Do I Need More Than One Case Management Certification? 

So, do I Need More Than One Case Management Certification? The answer is IT DEPENDS 

  • It depends on what employers require to work at their organizations. 
  • It depends on what the state where you live requires for a nurse, social worker, or other discipline to work as a case manager.
  • It depends on the state where the patients you care for reside. 
  • It depends on your career goals and where you want to go.

Why so many letters after your name you may ask: There is a reason for the madness 

If you look at my credentials you will see a variety of initials. They are MS, BHSA, RN, CCM, CRRN, CMGT-BC, and CM Fellow. Believe me, I did not gain these credentials just for the sake of having them.

The first two are advanced degrees that I chose as I moved into different areas of my career. The CCM and CRRN were required to work in the state of Florida in Workers’ Compensation.

The CMGT-BC was required as I was an author of the Nurse Case Manager Review and Resource Manual that was published by the American Nurses Credentialing Center. At the time, they required all nurses who contributed to their textbooks to hold the credential they were writing on. 

The last credential was bestowed on me by the Case Management Society of America as the first class of Case Management Fellows. 

Here is what each credential stands for and the organization that offers and oversees it: 

  • MS: Master of Science with a focus on Training and Development from St. Francis University, Chicago, IL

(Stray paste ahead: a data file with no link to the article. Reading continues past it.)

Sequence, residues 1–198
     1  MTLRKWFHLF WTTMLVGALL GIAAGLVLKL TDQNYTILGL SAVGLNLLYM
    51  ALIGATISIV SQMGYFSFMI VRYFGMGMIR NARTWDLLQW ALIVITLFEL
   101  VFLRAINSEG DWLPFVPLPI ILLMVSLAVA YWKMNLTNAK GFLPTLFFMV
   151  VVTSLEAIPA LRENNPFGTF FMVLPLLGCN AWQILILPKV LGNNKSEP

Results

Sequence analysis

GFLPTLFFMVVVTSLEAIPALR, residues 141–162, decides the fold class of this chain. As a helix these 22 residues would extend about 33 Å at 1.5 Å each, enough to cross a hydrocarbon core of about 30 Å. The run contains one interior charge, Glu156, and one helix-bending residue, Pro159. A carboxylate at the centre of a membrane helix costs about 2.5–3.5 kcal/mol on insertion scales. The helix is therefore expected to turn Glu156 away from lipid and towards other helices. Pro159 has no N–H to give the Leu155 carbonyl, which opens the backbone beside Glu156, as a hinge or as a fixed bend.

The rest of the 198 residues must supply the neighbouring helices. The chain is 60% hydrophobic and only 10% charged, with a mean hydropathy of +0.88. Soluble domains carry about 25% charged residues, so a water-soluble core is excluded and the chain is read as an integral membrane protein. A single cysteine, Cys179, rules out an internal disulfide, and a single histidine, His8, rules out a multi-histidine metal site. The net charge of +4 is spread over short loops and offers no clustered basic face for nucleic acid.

• BHSA: Bachelor of Health Service Administration, Barry University, Miami, FL
  • RN: Registered Nurse, from Hahnemann University School of Nursing 
  • CCM: Certified Case Manager through the Commission for Case Manager Certification
  • CRRN: Certified Registered Rehabilitation Nurse through the Association of Rehabilitation Nurses
  • CMGT-BC: Case Management Nurse – Board Certified through the American Nurses Credentialing Center
  • FMC: Case Management Society of American Fellowship Program

The CCM, CRRN, and CMGT-BC all were required by my employers when I worked as a case manager. I value each credential and wear them proudly as a professional nurse case manager. 

How do you validate your work as you mature in your case management career?

There are several ways professionals can validate their professional growth as they mature in their chosen area. One way many choose is to go back to schools for advanced education. 

When I graduated from my nursing program, the entry-level for a nurse was a Diploma or an Associate Degree from a qualified nursing program and a passing score on a written examination by the State Board of Nursing, in my case, Pennsylvania. 

When I moved to Florida in 1988, I had to apply for a nursing license in Florida as that is where I was going to work. Other disciplines like social workers have specific requirements so make sure you check as you begin your career. 

My credentials came after I gained experience in my role as a case manager and moved into independent practice. 

Sage Advice